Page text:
Healthy food doesn’t have to be bland in order to be good for you. On the contrary, adding dry spices to your cooking boosts flavor and tickles your taste buds without loading meals with extra salt, sugar or fat. Try these easy ways to perk up your palate!
Spice Rub or Marinade
Take advantage of the lingering warm days, and fire up the grill for ribs, steaks, chicken or pork. For a dry rub, mix 2 tbsp. dry rosemary, 1 tbsp. dry oregano, 1 tbsp. dry basil, 1 tbsp. dry sage and a dash of salt and pepper in a small bowl. Rub the spice blend evenly into the meat and let sit 30 to 60 minutes before grilling. For a marinade perfect for meat or veggies, blend ⅓ cup olive oil, 3 tbsp. lemon juice or red wine vinegar, 1 tbsp. dry rosemary and two garlic cloves, finely chopped. Place the meat or vegetables in a shallow glass dish, spread with the marinade, cover with plastic wrap and refrigerate for an hour before cooking.
Butter-Sage Pasta Sauce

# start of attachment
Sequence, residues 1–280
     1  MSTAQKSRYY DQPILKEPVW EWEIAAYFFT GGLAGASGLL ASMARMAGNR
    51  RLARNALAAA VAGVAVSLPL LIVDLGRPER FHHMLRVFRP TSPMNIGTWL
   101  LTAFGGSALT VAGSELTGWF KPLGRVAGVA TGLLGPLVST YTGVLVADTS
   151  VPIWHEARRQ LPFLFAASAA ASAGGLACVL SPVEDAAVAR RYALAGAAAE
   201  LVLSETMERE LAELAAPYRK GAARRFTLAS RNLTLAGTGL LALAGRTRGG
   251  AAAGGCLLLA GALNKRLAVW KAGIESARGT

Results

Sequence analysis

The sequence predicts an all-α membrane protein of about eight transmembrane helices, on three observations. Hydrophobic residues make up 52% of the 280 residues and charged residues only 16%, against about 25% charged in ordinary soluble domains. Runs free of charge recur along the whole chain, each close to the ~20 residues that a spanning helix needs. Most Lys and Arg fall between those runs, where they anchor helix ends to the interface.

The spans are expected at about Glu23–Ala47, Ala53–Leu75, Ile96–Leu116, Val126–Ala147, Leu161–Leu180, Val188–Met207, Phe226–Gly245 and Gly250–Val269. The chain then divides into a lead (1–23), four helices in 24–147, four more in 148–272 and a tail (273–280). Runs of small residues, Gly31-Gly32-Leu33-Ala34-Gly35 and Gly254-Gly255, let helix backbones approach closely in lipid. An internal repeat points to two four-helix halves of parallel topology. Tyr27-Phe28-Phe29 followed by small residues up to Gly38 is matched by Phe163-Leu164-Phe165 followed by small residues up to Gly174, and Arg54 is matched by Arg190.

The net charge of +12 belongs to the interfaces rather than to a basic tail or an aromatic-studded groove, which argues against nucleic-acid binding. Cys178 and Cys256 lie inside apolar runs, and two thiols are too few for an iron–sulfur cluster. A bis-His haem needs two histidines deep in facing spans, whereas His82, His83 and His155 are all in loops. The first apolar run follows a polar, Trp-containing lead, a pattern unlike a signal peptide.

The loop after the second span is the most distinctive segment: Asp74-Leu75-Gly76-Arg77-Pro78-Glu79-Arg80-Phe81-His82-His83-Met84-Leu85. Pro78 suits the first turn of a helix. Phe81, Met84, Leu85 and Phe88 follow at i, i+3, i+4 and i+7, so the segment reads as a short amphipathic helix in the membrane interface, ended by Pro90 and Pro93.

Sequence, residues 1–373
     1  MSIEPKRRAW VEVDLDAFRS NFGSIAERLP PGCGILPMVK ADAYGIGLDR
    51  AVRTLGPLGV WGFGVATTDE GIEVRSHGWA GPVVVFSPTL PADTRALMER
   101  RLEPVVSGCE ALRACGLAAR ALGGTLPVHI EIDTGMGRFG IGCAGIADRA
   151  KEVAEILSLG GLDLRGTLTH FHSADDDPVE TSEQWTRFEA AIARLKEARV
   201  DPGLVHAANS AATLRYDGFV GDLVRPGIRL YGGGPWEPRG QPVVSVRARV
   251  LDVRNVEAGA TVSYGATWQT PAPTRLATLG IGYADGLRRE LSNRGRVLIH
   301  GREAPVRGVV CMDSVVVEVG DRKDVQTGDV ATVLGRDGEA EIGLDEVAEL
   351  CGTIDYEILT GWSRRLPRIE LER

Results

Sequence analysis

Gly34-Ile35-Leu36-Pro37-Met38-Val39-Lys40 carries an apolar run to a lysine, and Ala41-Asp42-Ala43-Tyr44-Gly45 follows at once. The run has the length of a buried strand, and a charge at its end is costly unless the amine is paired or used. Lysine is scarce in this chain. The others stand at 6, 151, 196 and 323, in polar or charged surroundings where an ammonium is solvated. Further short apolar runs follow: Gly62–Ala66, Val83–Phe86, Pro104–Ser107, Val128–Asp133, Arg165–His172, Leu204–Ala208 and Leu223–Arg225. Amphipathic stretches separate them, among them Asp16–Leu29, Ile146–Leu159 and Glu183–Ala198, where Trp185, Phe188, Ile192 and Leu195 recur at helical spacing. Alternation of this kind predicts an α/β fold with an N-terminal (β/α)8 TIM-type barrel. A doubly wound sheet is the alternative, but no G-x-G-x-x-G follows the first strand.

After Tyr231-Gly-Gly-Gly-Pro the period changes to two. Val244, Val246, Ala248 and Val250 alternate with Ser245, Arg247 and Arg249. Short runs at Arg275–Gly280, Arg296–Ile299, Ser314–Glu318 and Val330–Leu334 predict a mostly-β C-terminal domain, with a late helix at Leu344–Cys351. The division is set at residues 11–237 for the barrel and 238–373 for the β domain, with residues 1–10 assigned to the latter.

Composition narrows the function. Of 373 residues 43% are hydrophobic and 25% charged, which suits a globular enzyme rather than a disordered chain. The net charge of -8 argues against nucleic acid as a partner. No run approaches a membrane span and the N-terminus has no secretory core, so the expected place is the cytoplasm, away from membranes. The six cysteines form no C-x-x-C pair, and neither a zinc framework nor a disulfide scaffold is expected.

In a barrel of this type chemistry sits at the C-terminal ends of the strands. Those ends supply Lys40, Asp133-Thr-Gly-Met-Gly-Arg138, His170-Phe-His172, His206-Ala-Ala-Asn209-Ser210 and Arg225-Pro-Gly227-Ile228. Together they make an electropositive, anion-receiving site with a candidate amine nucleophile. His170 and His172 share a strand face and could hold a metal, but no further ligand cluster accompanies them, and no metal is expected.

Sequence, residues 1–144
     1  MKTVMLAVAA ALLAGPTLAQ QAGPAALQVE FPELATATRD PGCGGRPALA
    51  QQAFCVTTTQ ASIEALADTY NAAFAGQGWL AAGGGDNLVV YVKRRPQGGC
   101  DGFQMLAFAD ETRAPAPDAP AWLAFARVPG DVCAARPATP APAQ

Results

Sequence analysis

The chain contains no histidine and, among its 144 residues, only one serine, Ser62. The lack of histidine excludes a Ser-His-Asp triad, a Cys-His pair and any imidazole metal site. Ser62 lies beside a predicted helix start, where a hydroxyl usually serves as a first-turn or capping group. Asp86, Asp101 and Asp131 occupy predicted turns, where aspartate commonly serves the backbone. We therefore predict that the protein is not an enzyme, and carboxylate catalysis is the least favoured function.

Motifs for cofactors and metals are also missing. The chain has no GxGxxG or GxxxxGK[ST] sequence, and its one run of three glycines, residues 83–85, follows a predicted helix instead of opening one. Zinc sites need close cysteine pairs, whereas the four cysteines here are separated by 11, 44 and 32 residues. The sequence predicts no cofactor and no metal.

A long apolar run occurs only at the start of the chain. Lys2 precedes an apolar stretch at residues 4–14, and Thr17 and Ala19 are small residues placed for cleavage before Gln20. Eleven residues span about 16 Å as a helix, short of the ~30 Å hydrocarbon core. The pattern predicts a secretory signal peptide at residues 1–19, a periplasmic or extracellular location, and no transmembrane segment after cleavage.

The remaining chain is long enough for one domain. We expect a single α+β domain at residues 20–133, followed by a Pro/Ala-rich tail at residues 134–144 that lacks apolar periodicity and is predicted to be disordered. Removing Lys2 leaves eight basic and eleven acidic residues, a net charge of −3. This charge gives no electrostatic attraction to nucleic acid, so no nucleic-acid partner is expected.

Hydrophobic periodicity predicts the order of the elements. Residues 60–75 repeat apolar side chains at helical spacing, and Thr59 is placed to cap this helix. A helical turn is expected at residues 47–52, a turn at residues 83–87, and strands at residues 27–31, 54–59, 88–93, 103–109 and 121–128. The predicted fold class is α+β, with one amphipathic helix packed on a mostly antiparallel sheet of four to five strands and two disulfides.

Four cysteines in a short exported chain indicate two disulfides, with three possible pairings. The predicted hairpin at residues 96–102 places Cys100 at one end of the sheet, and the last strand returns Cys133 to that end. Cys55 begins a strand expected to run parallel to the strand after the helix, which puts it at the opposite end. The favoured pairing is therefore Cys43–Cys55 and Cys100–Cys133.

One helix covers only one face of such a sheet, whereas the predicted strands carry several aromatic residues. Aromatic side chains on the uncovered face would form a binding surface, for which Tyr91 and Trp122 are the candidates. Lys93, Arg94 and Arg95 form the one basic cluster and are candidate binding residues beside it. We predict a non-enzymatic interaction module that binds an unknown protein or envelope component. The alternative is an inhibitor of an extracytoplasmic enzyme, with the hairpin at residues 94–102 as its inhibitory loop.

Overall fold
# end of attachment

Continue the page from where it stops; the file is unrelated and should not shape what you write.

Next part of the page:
Make your pasta taste just like Nonna’s by whipping up a simple sauce full of flavor. Cook a package of pasta until very al dente, reserving 1 cup of the cooking water before you drain it. In a saucepan over medium heat, place 2 tbsp. butter and a generous handful of dry sage. Cook until the butter is a nutty brown, then pour the cooked pasta into the sage-butter sauce and add ½ to ¾ cup of water to form a soupy mixture. Cook for another minute until some of the water has been absorbed. Mix in ½ cup to 1 cup of freshly grated parmesan cheese, making a creamy sauce, Add more water if necessary, plus salt and pepper to taste.
Dry spices turn a blah salad into a delicious side dish. Instead of using a store-bought salad dressing, make your own in a snap by whisking together 1 cup olive oil, ½ cup white wine vinegar, 2 tbsp. dry basil, 1 tbsp. honey and 1 tbsp. Dijon mustard. Toss the dressing with your favorite salad.
What are your favorite ways to use dry spices?